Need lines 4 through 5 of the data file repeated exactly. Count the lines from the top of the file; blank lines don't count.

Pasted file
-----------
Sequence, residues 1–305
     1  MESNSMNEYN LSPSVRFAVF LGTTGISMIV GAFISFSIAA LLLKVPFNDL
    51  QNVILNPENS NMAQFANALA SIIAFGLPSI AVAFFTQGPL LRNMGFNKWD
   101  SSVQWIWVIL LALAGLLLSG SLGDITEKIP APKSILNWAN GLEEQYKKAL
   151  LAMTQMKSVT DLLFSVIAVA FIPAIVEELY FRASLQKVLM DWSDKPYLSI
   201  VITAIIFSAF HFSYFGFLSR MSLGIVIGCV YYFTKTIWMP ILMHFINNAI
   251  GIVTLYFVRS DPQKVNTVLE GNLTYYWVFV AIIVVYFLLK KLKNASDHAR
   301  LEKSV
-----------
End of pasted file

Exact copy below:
   101  SSVQWIWVIL LALAGLLLSG SLGDITEKIP APKSILNWAN GLEEQYKKAL
   151  LAMTQMKSVT DLLFSVIAVA FIPAIVEELY FRASLQKVLM DWSDKPYLSI